The payment a policyholder makes in return for insurance cover.
A single-premium contract involves a single lump sum payment made
at the start of the contract. Under a regular-premium contract the
policyholder agrees at the start to make regular payments
throughout the term of the contract.
A mathematical description of a range of possible values for a
certain variable, identifying the likelihood of each possible value
Quantitative impact studies (QIS)
The QIS exercises test the financial impact and suitability of
proposed Solvency II requirements on firms before the
implementation of the regulations.
Return on equity (RoE)
A measure calculated by dividing profit after tax by the average
amount of equity in the business. Equity indicates how much capital
is tied up in the business.
The threat of an event that will limit the organisation's
ability to achieve its business objectives. Risk is often expressed
in terms of a combination of the consequences of an event or a
change in circumstances and the associated likelihood of
Risk adjusted performance measures
A metric that measures returns based on the quantum of risk
taken to generate those returns. We use it to level the playing
fields between different business units all competing for the same
The level of risk an organisation is willing to take in the
pursuit of profit.
This is a forward-looking and subjective process whereby risks
are identified and exposure to risk is assessed or measured in the
context of the business objectives. There are typically two aspects
to the assessment of risk, one being the likelihood of risk
occurring and the second being the impact of the risk.
Risk-based capital is the minimum amount of capital that an
organisation needs to support its overall business operations.
Risk-based capital is used to set capital requirements considering
the nature, scale and complexity of the organisation.
A process for classifying risks possessing common qualities or
quantities. Risk categorisation is used to collate information in a
Means the capital required to meet the business's current
exposure to risk.
The qualitative determination of risks that are material, ie
those that potentially can impact the organisation's achievement of
its financial and/or strategic objectives.
Risk management framework
A set of components that provide the foundations and
organisational arrangements for designing, implementing,
monitoring, reviewing and continually improving risk management
processes throughout the organisation.
Policies that set out the minimum, mandatory requirements that
businesses must follow to mitigate key Group risks.
The entire portfolio of risks organised by risk category that
are found within a particular organisation.
Attaching a probability or impact to the happening of a negative
event. If it is certain that an event cannot occur, it is given a
probability of 0; if it is certain that it will occur, it is given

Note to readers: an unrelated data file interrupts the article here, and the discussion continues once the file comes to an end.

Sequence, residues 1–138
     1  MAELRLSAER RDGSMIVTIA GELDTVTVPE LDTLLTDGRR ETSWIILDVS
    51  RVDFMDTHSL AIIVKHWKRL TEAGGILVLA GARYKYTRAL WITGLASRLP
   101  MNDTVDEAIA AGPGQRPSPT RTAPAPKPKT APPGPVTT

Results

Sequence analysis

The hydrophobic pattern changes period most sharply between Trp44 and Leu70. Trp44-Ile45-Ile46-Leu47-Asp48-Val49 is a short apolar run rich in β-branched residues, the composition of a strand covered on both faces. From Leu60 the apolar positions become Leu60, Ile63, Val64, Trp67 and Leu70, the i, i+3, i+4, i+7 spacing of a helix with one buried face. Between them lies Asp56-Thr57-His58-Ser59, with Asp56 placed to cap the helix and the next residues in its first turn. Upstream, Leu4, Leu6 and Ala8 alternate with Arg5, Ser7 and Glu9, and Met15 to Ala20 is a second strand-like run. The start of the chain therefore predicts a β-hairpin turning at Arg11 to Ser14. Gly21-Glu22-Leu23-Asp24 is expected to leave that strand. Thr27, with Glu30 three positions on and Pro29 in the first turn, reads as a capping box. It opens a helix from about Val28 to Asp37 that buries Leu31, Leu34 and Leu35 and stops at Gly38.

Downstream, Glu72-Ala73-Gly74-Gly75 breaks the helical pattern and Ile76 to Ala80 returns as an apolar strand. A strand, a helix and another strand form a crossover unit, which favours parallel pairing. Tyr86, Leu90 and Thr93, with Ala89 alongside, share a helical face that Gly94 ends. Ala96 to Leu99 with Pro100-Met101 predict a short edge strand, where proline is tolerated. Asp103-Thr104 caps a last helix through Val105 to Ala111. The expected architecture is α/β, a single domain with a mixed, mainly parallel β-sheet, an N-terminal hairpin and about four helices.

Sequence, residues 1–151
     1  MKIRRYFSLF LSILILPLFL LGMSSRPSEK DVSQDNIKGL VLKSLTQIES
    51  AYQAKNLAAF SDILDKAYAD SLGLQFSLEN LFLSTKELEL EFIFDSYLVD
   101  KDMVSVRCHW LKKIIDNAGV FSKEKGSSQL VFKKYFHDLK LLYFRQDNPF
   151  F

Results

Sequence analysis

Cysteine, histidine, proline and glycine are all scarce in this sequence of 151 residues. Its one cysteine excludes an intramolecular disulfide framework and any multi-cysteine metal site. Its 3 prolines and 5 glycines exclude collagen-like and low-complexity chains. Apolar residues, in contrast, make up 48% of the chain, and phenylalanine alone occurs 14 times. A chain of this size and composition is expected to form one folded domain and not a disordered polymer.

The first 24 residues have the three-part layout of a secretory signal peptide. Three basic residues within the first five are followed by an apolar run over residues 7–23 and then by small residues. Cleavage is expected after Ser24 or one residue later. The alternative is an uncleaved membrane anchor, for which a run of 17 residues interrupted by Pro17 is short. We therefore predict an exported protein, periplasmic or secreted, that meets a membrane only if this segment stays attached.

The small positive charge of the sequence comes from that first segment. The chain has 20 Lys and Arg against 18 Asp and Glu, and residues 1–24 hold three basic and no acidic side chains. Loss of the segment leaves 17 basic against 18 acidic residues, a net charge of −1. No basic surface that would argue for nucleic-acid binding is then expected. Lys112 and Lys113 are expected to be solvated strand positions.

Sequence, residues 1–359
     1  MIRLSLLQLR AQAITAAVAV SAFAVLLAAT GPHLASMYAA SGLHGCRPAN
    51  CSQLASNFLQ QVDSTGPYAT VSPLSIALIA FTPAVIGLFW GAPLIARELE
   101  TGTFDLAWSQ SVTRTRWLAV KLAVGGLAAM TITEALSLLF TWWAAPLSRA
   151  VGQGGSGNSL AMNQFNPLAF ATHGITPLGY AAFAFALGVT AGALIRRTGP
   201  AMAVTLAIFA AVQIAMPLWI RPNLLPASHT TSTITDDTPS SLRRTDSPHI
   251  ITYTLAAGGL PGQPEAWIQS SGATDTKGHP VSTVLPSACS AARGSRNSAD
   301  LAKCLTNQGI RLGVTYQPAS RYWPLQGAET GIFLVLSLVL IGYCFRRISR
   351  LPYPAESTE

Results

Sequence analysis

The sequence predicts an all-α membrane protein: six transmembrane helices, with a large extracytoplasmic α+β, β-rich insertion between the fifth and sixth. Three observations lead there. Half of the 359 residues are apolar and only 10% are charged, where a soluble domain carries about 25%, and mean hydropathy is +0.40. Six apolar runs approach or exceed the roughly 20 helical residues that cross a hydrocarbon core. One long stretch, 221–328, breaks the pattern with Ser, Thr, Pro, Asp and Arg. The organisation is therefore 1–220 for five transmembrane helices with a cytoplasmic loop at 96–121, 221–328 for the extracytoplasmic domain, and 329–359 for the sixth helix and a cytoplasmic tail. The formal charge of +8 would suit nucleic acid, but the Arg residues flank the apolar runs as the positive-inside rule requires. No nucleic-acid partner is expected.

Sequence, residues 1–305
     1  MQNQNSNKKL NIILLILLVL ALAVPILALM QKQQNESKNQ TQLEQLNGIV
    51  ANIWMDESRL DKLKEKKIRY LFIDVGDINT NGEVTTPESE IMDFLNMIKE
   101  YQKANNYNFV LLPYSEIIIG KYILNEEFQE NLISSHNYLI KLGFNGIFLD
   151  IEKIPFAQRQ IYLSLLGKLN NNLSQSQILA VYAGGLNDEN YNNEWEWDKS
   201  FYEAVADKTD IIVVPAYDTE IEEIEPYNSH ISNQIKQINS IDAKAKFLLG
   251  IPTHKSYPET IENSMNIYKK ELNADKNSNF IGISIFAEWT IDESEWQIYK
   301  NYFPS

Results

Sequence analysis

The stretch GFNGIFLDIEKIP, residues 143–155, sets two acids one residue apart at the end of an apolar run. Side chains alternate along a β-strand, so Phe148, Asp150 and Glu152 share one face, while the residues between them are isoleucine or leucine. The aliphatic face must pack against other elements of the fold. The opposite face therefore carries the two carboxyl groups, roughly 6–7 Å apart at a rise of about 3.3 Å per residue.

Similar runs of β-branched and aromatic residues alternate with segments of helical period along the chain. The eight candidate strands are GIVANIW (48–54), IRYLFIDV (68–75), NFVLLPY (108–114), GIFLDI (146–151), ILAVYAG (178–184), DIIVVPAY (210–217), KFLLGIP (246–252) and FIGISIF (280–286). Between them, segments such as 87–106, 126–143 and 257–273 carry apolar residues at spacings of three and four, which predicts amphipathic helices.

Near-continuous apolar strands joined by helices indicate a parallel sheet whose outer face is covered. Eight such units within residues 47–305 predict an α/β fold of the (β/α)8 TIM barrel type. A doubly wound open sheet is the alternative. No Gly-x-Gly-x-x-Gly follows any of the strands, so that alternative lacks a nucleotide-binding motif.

a probability of Risks are assigned a probability between 0 and
A predicted sequence of events.
Scenario analysis is a process of analysing possible future
events by considering possible outcomes (scenarios).
Solvency II is a fundamental review of the capital adequacy
regime for the European insurance industry. It aims to establish a
revised set of EU-wide capital requirements and risk management
standards that will replace the current solvency requirements.
Solvency Capital Requirement (SCR)
The SCR is the capital required to ensure that the (re)insurance
company will be able to meet its obligations over the next 12
months with a probability of at least 99.5%.
A non-entity-specific risk-based mathematical formula used by
insurers to calculate their Solvency Capital Requirement under
Solvency II, if the company is not using an internal model.
An arrangement of values of a variable showing their observed or
theoretical frequency of occurrence, eg frequency distribution - a
distribution of observed frequencies of occurrence of the values of
The lump sum benefit payable under an insurance policy or
contract in circumstances which are defined within the policy; eg
the amount payable on the death of the policyholder.
Amounts set aside on the basis of actuarial calculations to meet
forecast future obligations to policyholders.
Underwriting profit (general insurance)
A generally accepted non-life insurance term, also referred to
as underwriting result, representing earned premiums minus the cost
of claims and operating expenses. It indicates whether premiums
cover claims and expenses or not.
A type of long-term savings plan where premiums are used to buy
units in an investment fund, such as a unit trust, and the benefits
will be linked to the value of the underlying units rather than
being fixed or guaranteed at the start of the plan.
Value of in-force business (VIF)
Part of the embedded value of a life insurance company. It
represents the discounted value of the profits expected to arise
from the in-force business. VIF is calculated using a set of
actuarial, economic and operational assumptions.
Value of new business (VNB)
The discounted value of the future profits expected to arise
from all new business sold during a reporting period. VNB is
calculated by using actuarial assumptions.
A type of investment policy in which extra amounts (bonuses) may
be added to the sum assured to reflect profits earned during the
course of the contract. Regular bonuses are usually added each year
and, once declared, are usually guaranteed. A final or "terminal"
bonus may be added when the policy becomes payable.
An account in which a broker or fund manager executes investment
decisions on behalf of a client in exchange for a fee. These
decisions might include shareholdings, investment funds, pensions
and life insurance contracts.
An investment platform which enables investment funds, pensions,
direct equity holdings and some life insurance contracts to be held
in the same administrative account rather than as separate